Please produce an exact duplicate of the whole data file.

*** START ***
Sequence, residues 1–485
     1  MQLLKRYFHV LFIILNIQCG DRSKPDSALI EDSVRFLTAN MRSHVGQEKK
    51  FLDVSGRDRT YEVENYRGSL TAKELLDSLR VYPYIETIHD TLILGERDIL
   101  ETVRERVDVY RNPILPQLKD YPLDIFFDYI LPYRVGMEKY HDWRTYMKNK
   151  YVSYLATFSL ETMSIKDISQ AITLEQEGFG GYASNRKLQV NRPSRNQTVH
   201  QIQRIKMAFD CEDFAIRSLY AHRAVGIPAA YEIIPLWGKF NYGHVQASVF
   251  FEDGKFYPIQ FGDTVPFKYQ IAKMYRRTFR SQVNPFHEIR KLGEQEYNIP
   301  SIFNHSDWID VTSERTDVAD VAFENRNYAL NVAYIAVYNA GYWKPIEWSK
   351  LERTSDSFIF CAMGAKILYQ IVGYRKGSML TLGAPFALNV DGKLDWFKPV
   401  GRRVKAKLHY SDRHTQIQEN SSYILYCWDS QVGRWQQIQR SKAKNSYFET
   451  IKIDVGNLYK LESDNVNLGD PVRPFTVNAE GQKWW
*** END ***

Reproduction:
Sequence, residues 1–485
     1  MQLLKRYFHV LFIILNIQCG DRSKPDSALI EDSVRFLTAN MRSHVGQEKK
    51  FLDVSGRDRT YEVENYRGSL TAKELLDSLR VYPYIETIHD TLILGERDIL
   101  ETVRERVDVY RNPILPQLKD YPLDIFFDYI LPYRVGMEKY HDWRTYMKNK
   151  YVSYLATFSL ETMSIKDISQ AITLEQEGFG GYASNRKLQV NRPSRNQTVH
   201  QIQRIKMAFD CEDFAIRSLY AHRAVGIPAA YEIIPLWGKF NYGHVQASVF
   251  FEDGKFYPIQ FGDTVPFKYQ IAKMYRRTFR SQVNPFHEIR KLGEQEYNIP
   301  SIFNHSDWID VTSERTDVAD VAFENRNYAL NVAYIAVYNA GYWKPIEWSK
   351  LERTSDSFIF CAMGAKILYQ IVGYRKGSML TLGAPFALNV DGKLDWFKPV
   401  GRRVKAKLHY SDRHTQIQEN SSYILYCWDS QVGRWQQIQR SKAKNSYFET
   451  IKIDVGNLYK LESDNVNLGD PVRPFTVNAE GQKWW